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Timeline : Rush

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January 7, 2020

Rush drummer/lyricist Neil Peart dies of brain cancer at 67.

August 1, 2015

Rush play their last concert, closing out their R40 Live tour with a show at The Forum near Los Angeles. It's not announced as their farewell, but the band has hinted it might be. At the end of the show, drummer Neil Peart uncharacteristically comes to the front of the stage to take a bow with his bandmates.

July 2, 2015

For the first time ever, Rush make the cover of Rolling Stone. The magazine and their cohorts at the Rock And Roll Hall Of Fame (which didn't induct the band until 2013), have given Rush short shrift throughout their career, but even diehard fans are pleased with the piece.

May 8, 2015

In Tulsa, Rush begin their R40 Live tour, playing their newer songs first and working backward to "Working Man," the song that launched them in America. It ends up being their last tour, as drummer Neil Peart develops brain cancer and dies in 2020.

April 18, 2013

Public Enemy become the fourth hip-hop act inducted into the Rock and Roll Hall of Fame (the others that preceded PE into the Hall were Grandmaster Flash & the Furious Five, Run-DMC, and the Beastie Boys). Other 2013 inductees are Rush, Heart (which reunites their original lineup), Albert King, Donna Summer, and Randy Newman.

June 12, 2012

Rush release a concept album titled Clockwork Angels, their 20th (and last) studio effort. On the album Neil Peart uses a new method in which producer Nick Raskulinecz "conducts" Peart's drumming during recordings.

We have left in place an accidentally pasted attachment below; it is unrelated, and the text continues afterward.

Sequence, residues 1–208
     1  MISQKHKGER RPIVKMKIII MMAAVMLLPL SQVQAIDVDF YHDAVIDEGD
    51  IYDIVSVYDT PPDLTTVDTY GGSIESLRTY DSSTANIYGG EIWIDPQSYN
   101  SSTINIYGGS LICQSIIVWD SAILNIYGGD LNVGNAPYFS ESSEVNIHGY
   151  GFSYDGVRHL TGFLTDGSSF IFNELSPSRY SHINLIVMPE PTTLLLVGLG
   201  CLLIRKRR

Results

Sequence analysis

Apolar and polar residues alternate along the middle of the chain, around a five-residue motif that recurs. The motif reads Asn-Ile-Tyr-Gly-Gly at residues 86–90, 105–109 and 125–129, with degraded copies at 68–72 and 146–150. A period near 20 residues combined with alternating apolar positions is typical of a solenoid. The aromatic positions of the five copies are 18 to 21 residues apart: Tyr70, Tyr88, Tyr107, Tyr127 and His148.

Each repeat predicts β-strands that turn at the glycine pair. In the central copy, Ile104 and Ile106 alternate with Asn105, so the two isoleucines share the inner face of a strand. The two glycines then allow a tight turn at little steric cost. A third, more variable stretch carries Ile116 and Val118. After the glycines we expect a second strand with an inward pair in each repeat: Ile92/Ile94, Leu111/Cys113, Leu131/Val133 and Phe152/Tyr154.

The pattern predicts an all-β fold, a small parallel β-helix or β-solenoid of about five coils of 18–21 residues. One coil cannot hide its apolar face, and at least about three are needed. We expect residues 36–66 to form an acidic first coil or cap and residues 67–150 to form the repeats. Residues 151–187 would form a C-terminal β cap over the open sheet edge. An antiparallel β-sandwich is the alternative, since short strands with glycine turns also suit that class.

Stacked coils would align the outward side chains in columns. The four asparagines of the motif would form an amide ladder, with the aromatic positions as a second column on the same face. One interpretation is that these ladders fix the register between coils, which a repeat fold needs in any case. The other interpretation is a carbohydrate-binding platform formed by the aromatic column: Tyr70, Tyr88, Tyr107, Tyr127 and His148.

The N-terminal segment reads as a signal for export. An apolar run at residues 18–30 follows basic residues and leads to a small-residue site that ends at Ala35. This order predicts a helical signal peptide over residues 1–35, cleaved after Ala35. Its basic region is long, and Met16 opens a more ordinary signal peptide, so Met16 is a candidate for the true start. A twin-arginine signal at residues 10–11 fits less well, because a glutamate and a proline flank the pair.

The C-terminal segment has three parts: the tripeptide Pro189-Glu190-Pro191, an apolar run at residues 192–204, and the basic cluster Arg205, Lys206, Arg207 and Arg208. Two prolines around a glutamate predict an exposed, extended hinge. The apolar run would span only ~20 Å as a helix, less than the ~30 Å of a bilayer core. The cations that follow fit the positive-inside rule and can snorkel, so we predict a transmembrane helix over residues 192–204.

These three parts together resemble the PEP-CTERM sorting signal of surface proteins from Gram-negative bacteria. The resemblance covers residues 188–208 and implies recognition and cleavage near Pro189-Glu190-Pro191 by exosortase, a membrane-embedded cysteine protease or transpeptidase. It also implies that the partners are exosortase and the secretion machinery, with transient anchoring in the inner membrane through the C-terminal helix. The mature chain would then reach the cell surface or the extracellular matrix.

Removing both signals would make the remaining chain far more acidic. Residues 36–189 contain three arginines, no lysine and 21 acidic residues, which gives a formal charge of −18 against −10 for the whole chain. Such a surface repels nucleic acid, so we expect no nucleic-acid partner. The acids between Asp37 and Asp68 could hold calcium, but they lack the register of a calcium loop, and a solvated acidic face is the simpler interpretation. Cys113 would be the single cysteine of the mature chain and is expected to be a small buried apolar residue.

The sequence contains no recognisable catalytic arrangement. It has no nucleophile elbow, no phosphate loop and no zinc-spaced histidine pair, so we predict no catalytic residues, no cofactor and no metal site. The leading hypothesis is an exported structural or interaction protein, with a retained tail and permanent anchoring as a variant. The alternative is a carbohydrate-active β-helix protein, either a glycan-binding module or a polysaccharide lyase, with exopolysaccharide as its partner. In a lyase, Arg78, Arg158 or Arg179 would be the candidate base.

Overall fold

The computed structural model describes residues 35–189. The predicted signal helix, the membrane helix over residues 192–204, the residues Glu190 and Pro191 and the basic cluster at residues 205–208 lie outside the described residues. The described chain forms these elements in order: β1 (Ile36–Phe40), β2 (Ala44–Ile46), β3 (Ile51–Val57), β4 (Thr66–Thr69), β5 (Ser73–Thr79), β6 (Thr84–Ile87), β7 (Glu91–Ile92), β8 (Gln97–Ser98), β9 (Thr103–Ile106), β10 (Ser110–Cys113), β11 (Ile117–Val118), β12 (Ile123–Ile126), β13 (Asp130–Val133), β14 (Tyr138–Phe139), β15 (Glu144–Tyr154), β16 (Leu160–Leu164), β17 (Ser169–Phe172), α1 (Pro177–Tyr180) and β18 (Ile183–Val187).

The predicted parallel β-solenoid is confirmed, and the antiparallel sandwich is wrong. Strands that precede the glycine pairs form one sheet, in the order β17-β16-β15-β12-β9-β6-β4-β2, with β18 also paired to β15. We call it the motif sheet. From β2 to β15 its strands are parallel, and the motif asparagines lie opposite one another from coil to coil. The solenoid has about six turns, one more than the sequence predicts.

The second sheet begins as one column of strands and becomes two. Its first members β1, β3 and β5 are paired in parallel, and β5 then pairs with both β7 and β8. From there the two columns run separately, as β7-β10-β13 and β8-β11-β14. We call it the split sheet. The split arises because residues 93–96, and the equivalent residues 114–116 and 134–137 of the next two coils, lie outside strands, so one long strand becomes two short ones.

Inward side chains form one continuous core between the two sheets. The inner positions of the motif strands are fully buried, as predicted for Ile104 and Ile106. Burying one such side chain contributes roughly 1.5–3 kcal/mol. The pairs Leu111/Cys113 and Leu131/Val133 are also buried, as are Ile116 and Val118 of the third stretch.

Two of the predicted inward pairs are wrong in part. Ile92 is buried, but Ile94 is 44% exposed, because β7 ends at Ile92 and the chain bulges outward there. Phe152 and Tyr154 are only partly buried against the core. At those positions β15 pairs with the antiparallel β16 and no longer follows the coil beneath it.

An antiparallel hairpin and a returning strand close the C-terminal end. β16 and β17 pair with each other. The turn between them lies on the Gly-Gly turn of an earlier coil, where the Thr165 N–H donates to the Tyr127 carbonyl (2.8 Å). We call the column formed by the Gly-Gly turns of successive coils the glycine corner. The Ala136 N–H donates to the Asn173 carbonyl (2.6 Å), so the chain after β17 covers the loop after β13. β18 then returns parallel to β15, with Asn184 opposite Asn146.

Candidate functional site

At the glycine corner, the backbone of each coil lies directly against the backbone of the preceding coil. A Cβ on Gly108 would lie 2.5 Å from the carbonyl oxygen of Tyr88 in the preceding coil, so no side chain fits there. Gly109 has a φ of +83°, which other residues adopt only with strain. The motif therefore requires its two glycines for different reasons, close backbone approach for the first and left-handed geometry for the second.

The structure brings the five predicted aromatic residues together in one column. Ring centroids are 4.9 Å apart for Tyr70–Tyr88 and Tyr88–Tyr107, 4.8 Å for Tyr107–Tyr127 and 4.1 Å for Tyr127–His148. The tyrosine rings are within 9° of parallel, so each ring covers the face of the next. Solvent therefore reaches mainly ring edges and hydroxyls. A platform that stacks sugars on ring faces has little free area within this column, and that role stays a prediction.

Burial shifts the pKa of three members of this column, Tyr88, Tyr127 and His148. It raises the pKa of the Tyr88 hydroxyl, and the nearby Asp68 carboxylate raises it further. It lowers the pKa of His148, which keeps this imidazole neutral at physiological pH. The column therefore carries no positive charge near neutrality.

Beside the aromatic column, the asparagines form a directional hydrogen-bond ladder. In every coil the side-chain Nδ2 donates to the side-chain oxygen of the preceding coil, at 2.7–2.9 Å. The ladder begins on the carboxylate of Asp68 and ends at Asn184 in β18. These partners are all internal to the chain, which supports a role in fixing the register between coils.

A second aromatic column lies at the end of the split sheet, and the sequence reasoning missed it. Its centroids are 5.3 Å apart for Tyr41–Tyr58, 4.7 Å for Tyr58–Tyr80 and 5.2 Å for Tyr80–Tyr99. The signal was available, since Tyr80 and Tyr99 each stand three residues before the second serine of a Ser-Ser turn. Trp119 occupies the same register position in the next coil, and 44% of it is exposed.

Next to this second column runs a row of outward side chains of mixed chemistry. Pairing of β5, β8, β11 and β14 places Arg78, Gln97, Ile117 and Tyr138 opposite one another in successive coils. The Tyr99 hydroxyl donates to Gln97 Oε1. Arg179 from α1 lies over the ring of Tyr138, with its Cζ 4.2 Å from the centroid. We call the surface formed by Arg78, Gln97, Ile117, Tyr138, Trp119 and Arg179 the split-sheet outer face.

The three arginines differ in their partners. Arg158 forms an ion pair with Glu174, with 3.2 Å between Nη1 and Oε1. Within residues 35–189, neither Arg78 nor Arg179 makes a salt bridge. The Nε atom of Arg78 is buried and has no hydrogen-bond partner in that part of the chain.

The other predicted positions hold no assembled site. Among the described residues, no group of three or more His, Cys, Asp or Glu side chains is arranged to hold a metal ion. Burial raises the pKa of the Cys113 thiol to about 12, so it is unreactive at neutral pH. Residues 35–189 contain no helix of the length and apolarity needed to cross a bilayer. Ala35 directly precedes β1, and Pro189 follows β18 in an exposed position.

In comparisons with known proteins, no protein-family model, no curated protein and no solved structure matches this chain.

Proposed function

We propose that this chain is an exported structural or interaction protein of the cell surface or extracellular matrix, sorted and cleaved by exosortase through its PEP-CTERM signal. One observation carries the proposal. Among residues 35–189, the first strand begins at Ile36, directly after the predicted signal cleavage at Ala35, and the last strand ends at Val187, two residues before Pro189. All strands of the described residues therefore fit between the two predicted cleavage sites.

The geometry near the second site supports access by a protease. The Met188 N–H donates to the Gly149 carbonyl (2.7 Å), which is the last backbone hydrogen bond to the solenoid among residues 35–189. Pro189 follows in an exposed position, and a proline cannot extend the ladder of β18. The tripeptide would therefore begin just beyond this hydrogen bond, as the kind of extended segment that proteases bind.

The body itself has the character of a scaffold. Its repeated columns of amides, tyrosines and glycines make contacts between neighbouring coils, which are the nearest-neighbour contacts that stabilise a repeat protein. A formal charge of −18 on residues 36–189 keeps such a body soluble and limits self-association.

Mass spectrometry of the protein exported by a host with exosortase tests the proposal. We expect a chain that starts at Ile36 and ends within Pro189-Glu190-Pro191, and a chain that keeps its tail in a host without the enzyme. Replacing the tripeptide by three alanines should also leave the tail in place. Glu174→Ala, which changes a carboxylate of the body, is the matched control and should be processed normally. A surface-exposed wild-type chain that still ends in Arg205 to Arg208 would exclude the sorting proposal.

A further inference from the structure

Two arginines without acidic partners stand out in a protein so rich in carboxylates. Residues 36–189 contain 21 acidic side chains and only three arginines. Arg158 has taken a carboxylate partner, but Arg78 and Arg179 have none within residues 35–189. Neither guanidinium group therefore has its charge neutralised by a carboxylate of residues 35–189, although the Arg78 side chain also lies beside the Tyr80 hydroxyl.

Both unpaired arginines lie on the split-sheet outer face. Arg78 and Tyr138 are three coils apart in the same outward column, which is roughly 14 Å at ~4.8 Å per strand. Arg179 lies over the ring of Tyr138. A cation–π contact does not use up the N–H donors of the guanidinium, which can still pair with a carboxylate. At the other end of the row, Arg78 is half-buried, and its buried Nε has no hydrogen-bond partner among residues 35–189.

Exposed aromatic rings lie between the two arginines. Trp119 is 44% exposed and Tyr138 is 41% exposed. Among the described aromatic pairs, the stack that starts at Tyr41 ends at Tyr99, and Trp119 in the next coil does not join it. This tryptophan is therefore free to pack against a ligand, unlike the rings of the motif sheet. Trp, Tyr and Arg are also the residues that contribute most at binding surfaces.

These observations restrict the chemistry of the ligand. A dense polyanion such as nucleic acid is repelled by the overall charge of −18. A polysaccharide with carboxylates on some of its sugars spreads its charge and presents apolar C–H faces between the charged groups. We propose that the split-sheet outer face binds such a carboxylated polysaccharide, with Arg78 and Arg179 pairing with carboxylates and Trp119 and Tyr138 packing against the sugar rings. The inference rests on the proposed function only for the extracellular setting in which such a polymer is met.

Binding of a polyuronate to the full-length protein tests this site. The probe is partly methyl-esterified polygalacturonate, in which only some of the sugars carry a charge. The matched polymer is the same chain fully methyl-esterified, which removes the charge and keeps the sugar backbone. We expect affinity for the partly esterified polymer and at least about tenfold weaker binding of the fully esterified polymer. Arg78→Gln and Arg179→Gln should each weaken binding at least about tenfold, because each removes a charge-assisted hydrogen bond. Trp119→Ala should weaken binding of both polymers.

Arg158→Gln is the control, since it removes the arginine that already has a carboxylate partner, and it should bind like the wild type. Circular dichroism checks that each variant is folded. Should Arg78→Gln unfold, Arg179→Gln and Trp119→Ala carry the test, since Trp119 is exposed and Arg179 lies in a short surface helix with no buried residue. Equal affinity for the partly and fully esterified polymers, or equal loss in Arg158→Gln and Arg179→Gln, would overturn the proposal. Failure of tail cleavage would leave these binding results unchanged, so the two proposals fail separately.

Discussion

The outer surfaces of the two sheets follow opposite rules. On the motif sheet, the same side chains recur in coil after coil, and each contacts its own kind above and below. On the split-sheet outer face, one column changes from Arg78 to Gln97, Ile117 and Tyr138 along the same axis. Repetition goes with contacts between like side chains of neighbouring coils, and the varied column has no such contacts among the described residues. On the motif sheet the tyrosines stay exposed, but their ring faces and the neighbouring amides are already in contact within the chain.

May 11, 2008

John Rutsey, the original drummer for Rush, dies of a diabetes-related heart attack at age 55.

May 1, 2007

Rush release Snakes & Arrows. Alex Lifeson's guitar work on the album is influenced by David Gilmour's suggestion that he write more acoustic songs.

June 29, 2004

Rush release their 18th studio album, Feedback, comprised of eight cover songs selected from tunes that influenced each band member in their younger years.

July 30, 2003

When the disease SARS spreads to Toronto, it scares a lot of people away. To get visitors back, the city puts on a huge open-air concert featuring The Rolling Stones, The Guess Who, Rush, The Isley Brothers, The Flaming Lips and Justin Timberlake (who is jeered and has muffins thrown at him). About 450,000 people attend.More

May 14, 2002

Rush release Vapor Trails, their 17th studio album and first since the deaths of Neil Peart's daughter and wife five years prior.

August 10, 1997

Rush drummer Neil Peart loses his 19-year-old daughter Selena to a car accident. A year later, Selena's mother Jackie (Peart's common-law wife) dies of cancer, leading Peart to take a long sabbatical from the band where he rides his motorcycle across North America.

September 10, 1996

Neil Peart employs some jazz-influenced traditional drum grips on Rush's 16th studio album, Test for Echo. It's the last album the band releases before the death of Peart's daughter, followed ten months later by the passing of his wife, leads the band to take a six-year recording hiatus.

October 19, 1993

Counterparts, Rush's 15th studio album, hits stores.

March 1, 1990

Rush are named '80s Artist Of The Decade at the Juno Awards, the Canadian equivalent of the Grammies.

September 21, 1989

Rush move away from their keyboard-heavy sound with Presto, their 13th studio album and first under the Atlantic Records label. The album's four singles are "Show Don't Tell," "Presto," "The Pass," and "Superconductor."